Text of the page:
Changed lines 10-15 from:

two legs of the pushbutton, so the pin is connected to 5 volts (through the pull-up resistor) and we read a HIGH. When the button is closed (pressed), it makes a connection between its two legs, connecting the pin to ground, so that we read a LOW. (The pin is still connected to 5 volts, but the resistor in-between them means that the pin is "closer" to ground.)

You can also wire this circuit the opposite way, with a pull-down resistor keeping the input LOW, and going HIGH when the button is pressed. If so, the behavior of the sketch will be reversed, with the LED normally on and turning off when you press the button.

If you disconnect the digital i/o pin from everything, the LED may blink erratically. This is because the input is "floating" - that is, it will more-or-less randomly return either HIGH or LOW. That's why you need a pull-up or pull-down resistor in the circuit.

to:

two legs of the pushbutton, so the pin is connected to ground (through the pull-down resistor) and we read a LOW. When the button is closed (pressed), it makes a connection between its two legs, connecting the pin to 5 volts, so that we read a HIGH.

You can also wire this circuit the opposite way, with a pullup resistor keeping the input HIGH, and going LOW when the button is pressed. If so, the behavior of the sketch will be reversed, with the LED normally on and turning off when you press the button.

If you disconnect the digital i/o pin from everything, the LED may blink erratically. This is because the input is "floating" - that is, it will randomly return either HIGH or LOW. That's why you need a pull-up or pull-down resistor in the circuit.

June 25, 2009, at 01:56 PM by Tom Igoe -
June 25, 2009, at 01:56 PM by Tom Igoe -
Changed lines 18-20 from:

Code

to:

Schematic:

click the image to enlarge

June 24, 2009, at 10:53 PM by Tom Igoe -
Changed lines 14-15 from:

If you disconnect the digital i/o pin from everything, the LED may blink erratically. This is because the input is "floating" - that is, it will more-or-less randomly return either HIGH or LOW. That's why you need a pull-up or pull-down resister in the circuit.

to:

If you disconnect the digital i/o pin from everything, the LED may blink erratically. This is because the input is "floating" - that is, it will more-or-less randomly return either HIGH or LOW. That's why you need a pull-up or pull-down resistor in the circuit.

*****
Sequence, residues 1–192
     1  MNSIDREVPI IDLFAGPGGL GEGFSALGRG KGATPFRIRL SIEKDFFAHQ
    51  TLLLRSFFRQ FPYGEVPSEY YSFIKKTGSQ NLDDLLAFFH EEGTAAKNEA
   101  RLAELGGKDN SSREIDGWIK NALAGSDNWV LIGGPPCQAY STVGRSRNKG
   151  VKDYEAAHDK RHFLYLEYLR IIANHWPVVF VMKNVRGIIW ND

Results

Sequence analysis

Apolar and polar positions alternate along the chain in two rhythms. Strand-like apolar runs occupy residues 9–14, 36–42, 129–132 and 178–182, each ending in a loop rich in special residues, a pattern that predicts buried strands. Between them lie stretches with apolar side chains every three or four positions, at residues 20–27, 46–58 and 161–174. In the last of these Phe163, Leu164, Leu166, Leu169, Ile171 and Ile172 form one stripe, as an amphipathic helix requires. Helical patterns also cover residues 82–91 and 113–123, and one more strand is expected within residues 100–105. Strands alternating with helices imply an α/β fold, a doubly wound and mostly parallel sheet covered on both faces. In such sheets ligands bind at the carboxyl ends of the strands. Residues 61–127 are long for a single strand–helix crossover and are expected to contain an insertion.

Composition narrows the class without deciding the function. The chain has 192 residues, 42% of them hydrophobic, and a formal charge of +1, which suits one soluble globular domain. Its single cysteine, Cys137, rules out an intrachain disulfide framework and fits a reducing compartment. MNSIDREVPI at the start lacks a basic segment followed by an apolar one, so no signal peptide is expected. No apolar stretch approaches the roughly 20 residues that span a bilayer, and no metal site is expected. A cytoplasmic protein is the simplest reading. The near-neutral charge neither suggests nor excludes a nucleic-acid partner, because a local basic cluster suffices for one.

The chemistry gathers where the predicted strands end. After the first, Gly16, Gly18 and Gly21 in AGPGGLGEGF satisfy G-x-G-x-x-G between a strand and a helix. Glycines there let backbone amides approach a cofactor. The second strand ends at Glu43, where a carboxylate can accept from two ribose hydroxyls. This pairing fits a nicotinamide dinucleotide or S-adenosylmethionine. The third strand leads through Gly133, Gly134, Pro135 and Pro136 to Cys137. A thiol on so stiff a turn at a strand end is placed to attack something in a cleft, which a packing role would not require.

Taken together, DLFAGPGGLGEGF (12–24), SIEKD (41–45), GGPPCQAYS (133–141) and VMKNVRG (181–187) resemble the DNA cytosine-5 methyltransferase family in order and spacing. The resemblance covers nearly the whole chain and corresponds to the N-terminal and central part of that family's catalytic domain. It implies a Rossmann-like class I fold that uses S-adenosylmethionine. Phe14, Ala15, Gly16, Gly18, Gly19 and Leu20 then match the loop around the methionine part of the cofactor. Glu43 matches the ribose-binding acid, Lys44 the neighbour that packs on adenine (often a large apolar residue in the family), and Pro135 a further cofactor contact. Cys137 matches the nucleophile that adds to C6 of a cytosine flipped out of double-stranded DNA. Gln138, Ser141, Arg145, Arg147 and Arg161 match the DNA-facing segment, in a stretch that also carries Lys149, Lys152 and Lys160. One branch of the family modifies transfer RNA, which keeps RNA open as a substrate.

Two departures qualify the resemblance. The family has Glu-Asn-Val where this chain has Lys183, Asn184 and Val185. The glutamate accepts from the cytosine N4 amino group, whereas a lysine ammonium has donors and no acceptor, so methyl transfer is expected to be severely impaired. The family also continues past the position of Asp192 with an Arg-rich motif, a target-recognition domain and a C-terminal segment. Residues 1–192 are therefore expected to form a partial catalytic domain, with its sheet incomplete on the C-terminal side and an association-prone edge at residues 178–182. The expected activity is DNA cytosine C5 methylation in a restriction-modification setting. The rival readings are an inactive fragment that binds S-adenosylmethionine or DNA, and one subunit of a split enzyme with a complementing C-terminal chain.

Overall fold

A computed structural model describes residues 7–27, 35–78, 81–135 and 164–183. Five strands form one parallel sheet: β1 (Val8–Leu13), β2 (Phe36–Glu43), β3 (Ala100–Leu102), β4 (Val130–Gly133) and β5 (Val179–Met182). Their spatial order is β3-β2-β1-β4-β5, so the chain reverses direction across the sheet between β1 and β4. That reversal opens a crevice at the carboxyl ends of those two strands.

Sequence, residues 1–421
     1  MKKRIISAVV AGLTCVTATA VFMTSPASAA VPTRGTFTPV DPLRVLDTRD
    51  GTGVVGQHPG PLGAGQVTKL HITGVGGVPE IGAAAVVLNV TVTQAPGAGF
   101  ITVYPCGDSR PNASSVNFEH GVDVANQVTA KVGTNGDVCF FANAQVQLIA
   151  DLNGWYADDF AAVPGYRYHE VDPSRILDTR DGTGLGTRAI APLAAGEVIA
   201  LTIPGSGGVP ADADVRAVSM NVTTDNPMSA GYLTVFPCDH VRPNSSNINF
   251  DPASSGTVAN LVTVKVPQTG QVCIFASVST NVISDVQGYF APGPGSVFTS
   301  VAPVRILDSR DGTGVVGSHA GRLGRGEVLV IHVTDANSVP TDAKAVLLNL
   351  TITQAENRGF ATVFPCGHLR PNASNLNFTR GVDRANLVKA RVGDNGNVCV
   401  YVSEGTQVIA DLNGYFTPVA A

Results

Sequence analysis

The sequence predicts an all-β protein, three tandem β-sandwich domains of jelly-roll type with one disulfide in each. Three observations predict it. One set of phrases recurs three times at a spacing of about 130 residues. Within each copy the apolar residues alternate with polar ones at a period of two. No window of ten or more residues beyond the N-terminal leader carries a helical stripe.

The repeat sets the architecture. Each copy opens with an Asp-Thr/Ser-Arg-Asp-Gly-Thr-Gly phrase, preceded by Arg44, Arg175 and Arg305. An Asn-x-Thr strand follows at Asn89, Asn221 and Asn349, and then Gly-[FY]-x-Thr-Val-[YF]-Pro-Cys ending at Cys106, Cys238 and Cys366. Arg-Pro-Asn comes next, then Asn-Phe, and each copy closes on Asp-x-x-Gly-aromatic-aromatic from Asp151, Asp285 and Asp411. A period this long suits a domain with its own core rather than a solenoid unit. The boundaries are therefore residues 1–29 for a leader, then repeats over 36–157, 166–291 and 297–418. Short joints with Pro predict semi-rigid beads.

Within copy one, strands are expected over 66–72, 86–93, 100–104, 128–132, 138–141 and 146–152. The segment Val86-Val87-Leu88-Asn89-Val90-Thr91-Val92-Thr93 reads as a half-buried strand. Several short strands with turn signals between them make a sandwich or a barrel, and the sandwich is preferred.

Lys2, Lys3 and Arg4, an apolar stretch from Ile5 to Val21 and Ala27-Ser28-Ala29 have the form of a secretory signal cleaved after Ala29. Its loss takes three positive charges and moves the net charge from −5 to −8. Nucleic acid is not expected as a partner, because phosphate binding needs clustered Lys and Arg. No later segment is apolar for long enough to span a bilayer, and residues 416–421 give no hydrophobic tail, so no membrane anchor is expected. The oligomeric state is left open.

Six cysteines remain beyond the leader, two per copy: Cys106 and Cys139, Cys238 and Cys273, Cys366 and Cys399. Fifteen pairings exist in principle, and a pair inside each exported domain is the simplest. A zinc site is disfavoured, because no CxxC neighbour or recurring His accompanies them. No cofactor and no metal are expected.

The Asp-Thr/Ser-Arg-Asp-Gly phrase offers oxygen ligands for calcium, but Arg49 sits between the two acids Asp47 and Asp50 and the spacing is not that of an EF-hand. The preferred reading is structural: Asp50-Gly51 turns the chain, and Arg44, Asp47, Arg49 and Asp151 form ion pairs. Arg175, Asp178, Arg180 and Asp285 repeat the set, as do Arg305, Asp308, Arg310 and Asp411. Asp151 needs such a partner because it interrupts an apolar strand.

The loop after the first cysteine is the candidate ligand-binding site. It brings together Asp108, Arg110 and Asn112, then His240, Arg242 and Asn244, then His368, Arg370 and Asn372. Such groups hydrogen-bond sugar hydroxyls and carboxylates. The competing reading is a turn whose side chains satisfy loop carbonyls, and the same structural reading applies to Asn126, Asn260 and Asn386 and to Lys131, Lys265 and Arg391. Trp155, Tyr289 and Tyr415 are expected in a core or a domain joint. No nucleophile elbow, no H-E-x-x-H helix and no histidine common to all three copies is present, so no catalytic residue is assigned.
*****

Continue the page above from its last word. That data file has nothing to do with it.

June 17, 2009, at 11:19 PM by Tom Igoe -
Changed lines 23-26 from:

int ledPin = 13; // choose the pin for the LED int inPin = 2; // choose the input pin (for a pushbutton) int val = 0; // variable for reading the pin status

to:

/*

  Button

 Turns on and off a light emitting diode(LED) connected to digital  
 pin 13, when pressing a pushbutton attached to pin 7. 

 The circuit:
 * LED attached from pin 13 to ground 
 * pushbutton attached to pin 7 from +5V
 * 10K resistor attached to pin 7 from ground

 * Note: on most Arduinos there is already an LED on the board
 attached to pin 13.

 created 2005
 by DojoDave <http://www.0j0.org>
 modified 17 Jun 2009
 by Tom Igoe

 * http://www.arduino.cc/en/Tutorial/Button
 */

// constants won't change. They're used here to // set pin numbers: const int buttonPin = 7; // the number of the pushbutton pin const int ledPin = 13; // the number of the LED pin

// variables will change: int buttonState = 0; // variable for reading the pushbutton status

Changed lines 56-57 from:
  pinMode(ledPin, OUTPUT);  // declare LED as output
  pinMode(inPin, INPUT);    // declare pushbutton as input
to:
  // initialize the LED pin as an output:
  pinMode(ledPin, OUTPUT);      
  // initialize the pushbutton pin as an input:
  pinMode(buttonPin, INPUT);     
Changed lines 63-67 from:
  val = digitalRead(inPin);  // read input value
  if (val == HIGH) {         // check if the input is HIGH (button released)
    digitalWrite(ledPin, LOW);  // turn LED OFF
  } else {
    digitalWrite(ledPin, HIGH);  // turn LED ON
to:
  // read the state of the pushbutton value:
  buttonState = digitalRead(buttonPin);